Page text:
Studies conducted by transportation agencies confirm that rollover incidents related to improperly secured cargo were much higher than those due to other variables. This suggests that cargo management is essential in reducing trucking accidents caused by unsecured items sliding or shifting during transport or due to improper weight distribution across axles, creating an uneven balance.

Overall, poor cargo management practices present serious risks on our roads and highways, which should never be underestimated or taken lightly, even when modern technologies provide adequate equipment and materials for safe loading. A few simple steps—like using appropriate straps, securely loading items, and evenly distributing weight across axles—can help mitigate the danger posed by poorly managed loads, leading to a more secure road experience for truckers and all motorists sharing the roadway with them alike.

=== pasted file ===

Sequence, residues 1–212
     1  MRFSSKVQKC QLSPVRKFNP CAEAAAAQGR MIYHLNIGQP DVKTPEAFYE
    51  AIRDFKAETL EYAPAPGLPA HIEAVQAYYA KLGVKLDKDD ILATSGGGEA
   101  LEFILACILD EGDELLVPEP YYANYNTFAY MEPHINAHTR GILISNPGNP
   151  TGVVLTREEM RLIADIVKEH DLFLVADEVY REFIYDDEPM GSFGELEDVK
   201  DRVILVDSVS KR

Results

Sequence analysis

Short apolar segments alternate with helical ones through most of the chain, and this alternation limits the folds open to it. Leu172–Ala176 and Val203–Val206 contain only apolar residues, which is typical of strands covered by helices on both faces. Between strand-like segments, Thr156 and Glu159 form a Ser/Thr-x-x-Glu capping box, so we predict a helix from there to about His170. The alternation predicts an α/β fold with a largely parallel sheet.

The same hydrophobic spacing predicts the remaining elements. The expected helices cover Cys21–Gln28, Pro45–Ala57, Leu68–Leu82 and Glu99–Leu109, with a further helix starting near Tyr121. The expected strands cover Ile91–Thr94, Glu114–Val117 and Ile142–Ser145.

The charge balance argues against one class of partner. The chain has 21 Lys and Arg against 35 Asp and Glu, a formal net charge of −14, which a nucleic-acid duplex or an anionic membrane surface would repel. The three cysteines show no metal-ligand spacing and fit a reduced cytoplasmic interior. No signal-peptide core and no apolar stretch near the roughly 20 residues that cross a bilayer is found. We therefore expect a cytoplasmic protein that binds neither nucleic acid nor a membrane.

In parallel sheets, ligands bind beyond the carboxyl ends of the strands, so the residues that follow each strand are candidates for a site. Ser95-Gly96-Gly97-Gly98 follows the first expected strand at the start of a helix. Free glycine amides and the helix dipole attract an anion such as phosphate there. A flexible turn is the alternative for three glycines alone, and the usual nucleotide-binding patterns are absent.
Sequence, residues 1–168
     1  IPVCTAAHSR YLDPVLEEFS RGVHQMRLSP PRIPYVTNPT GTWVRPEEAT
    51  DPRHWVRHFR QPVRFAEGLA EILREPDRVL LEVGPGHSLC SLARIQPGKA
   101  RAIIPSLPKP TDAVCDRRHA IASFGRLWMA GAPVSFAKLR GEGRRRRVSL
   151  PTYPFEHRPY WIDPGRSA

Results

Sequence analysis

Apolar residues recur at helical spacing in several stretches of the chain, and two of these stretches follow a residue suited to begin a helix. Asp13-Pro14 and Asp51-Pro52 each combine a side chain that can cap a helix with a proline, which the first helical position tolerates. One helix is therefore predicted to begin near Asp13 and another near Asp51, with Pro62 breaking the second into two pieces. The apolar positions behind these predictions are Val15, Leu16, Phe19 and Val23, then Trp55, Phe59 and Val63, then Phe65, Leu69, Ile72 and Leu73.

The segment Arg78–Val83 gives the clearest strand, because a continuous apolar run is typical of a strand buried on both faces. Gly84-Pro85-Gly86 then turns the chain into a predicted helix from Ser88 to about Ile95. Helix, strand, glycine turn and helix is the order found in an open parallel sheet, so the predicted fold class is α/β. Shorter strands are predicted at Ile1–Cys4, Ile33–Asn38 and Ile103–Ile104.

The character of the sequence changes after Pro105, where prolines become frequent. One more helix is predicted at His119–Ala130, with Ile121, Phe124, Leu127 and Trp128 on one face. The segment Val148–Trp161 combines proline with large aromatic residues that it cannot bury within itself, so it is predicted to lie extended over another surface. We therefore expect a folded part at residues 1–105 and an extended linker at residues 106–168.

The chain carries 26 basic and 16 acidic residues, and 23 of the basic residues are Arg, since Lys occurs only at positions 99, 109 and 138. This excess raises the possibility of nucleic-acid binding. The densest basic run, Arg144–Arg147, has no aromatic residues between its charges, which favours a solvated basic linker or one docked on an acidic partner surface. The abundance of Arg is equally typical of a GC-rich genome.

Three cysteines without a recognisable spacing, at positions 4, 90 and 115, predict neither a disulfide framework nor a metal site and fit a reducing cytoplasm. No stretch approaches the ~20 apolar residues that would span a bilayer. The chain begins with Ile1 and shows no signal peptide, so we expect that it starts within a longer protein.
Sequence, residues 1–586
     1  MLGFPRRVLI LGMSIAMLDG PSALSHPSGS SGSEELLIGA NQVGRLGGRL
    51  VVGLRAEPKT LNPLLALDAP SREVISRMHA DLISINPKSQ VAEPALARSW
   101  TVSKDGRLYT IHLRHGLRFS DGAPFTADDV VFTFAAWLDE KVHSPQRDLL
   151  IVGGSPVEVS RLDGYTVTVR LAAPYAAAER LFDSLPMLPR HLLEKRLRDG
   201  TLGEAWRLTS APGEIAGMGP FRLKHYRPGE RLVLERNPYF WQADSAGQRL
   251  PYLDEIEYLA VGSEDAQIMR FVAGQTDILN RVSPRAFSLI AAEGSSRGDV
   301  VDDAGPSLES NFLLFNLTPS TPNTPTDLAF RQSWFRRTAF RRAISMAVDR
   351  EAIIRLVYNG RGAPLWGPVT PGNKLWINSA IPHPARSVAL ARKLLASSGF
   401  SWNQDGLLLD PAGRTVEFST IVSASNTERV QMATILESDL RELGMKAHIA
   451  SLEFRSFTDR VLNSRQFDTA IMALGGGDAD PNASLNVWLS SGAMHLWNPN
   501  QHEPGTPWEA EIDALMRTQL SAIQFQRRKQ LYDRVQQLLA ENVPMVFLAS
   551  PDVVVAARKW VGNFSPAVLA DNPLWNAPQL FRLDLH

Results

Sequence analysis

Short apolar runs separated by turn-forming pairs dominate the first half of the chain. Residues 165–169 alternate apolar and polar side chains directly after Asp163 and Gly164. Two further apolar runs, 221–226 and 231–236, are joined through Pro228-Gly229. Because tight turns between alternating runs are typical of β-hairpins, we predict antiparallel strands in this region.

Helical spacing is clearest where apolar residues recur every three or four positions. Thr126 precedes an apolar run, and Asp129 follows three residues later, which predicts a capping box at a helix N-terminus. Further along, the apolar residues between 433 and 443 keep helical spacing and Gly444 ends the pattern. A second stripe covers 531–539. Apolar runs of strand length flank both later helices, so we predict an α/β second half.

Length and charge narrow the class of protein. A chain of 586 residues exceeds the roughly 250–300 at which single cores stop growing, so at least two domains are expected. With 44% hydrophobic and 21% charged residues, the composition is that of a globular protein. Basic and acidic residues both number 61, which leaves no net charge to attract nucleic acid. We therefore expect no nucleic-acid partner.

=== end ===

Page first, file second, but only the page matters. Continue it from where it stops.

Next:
Don’t wait to seek legal help after a trucking accident. Contact us today for expert assistance

Trucking accidents can be devastating, causing serious injuries and even fatalities. If you or a loved one has been involved in a trucking accident, time is of the essence. Don’t wait to seek legal help. Contact our experienced trucking accident attorneys today for expert assistance. 

Frischman and Rizza understand the complexities of these cases and are dedicated to helping our clients pursue justice and fair compensation. During your free consultation, we’ll listen to your story, answer your questions, and provide you with the information you need to make informed decisions about your case. Let us guide you through the legal process and fight for your rights. 

Contact us at (412) 291-9377 to schedule your free consultation.